Thanks to Phil Krause
Othniel Charles Marsh, a Professor of Paleontology at Yale University, described and named an incomplete (and juvenile) skeleton of Apatosaurus ajax in 1877. Two years later, Marsh announced the discovery of a larger and more complete specimen at Como Bluff Wyoming—which, because of discrepancies including the size difference, Marsh incorrectly identified as belonging to an entirely new genus and species. He dubbed the new species Brontosaurus excelsus, meaning “thunder lizard”, from the Greek brontē meaning ‘thunder’ and sauros meaning ‘lizard’, and from the Latin excelsus, “highest, sublime”, referring to the greater number of sacral vertebrae than in any other genus of sauropod known at the time.
The finds—the largest dinosaur ever discovered at the time and nearly complete, lacking only a head, feet, and portions of the tail — were then prepared for what was to be the first ever mounted display of a sauropod skeleton, at Yale’s Peabody Museum of Natural History in 1905. The missing bones were created using known pieces from close relatives of Brontosaurus. Despite the much-publicized debut of the mounted skeleton, which cemented the name Brontosaurus in the public consciousness, Elmer Riggs had published a paper in the 1903 which argued that Brontosaurus was not different enough from Apatosaurus to warrant its own genus, and created the combination Apatosaurus excelsus: “In view of these facts the two genera may be regarded as synonymous. As the term ‘Apatosaurus’ has priority, ‘Brontosaurus’ will be regarded as a synonym.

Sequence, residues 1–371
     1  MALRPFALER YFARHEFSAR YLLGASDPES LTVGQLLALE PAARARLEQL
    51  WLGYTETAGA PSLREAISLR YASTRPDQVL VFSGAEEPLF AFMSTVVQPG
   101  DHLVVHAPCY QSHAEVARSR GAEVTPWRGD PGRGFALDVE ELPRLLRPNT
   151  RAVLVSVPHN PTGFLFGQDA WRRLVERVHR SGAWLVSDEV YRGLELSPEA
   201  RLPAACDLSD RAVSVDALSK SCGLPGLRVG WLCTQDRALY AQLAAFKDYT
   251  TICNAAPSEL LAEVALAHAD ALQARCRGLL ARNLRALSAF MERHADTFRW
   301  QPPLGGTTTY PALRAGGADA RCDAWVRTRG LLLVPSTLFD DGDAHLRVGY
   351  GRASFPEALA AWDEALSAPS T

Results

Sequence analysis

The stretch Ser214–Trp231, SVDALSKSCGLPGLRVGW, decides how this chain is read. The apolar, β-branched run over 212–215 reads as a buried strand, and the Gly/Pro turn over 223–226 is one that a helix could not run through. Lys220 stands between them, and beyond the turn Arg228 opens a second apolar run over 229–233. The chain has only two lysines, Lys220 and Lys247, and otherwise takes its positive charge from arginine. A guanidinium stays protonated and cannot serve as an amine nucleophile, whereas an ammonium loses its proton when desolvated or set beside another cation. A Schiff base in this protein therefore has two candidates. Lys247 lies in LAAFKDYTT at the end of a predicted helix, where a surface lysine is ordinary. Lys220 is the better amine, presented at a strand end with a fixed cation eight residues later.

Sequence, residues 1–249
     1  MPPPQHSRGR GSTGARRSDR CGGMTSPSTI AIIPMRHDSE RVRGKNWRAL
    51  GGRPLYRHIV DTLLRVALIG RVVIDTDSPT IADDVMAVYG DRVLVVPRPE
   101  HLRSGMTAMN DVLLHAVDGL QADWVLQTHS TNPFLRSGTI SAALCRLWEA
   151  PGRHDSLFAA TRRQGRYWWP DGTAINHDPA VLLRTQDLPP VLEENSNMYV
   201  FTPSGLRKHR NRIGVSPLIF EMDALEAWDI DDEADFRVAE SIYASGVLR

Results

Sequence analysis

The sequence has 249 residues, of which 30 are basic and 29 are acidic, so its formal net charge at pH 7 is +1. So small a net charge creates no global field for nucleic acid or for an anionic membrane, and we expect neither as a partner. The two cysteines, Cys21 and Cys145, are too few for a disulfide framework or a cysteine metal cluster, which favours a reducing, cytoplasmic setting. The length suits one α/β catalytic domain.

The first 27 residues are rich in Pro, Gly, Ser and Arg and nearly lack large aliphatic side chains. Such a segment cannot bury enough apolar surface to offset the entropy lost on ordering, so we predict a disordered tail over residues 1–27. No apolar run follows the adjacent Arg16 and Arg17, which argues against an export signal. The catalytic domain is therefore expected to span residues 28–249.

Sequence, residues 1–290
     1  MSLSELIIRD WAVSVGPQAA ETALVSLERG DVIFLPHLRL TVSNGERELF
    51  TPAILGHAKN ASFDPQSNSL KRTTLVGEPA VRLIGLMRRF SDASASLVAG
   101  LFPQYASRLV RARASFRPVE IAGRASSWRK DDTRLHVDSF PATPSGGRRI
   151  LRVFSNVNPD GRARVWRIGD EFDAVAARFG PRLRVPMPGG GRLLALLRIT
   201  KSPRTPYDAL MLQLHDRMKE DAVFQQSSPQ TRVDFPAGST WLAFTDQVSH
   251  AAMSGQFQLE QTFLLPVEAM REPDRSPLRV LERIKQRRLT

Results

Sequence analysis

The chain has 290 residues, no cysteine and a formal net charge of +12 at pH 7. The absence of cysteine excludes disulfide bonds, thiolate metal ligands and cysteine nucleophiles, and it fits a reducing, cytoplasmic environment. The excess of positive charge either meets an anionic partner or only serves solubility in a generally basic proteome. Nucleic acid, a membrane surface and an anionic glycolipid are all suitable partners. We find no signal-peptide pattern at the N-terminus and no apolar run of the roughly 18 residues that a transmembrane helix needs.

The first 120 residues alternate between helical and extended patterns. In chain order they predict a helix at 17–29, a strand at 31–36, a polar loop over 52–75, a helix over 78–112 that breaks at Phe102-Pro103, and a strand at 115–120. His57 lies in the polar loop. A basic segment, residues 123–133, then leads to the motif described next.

The length of time taken for Marsh’s misclassification to be brought to public notice meant that the name Brontosaurus, associated as it was with one of the largest dinosaurs, became so famous that it persisted long after the name had officially been abandoned in scientific use.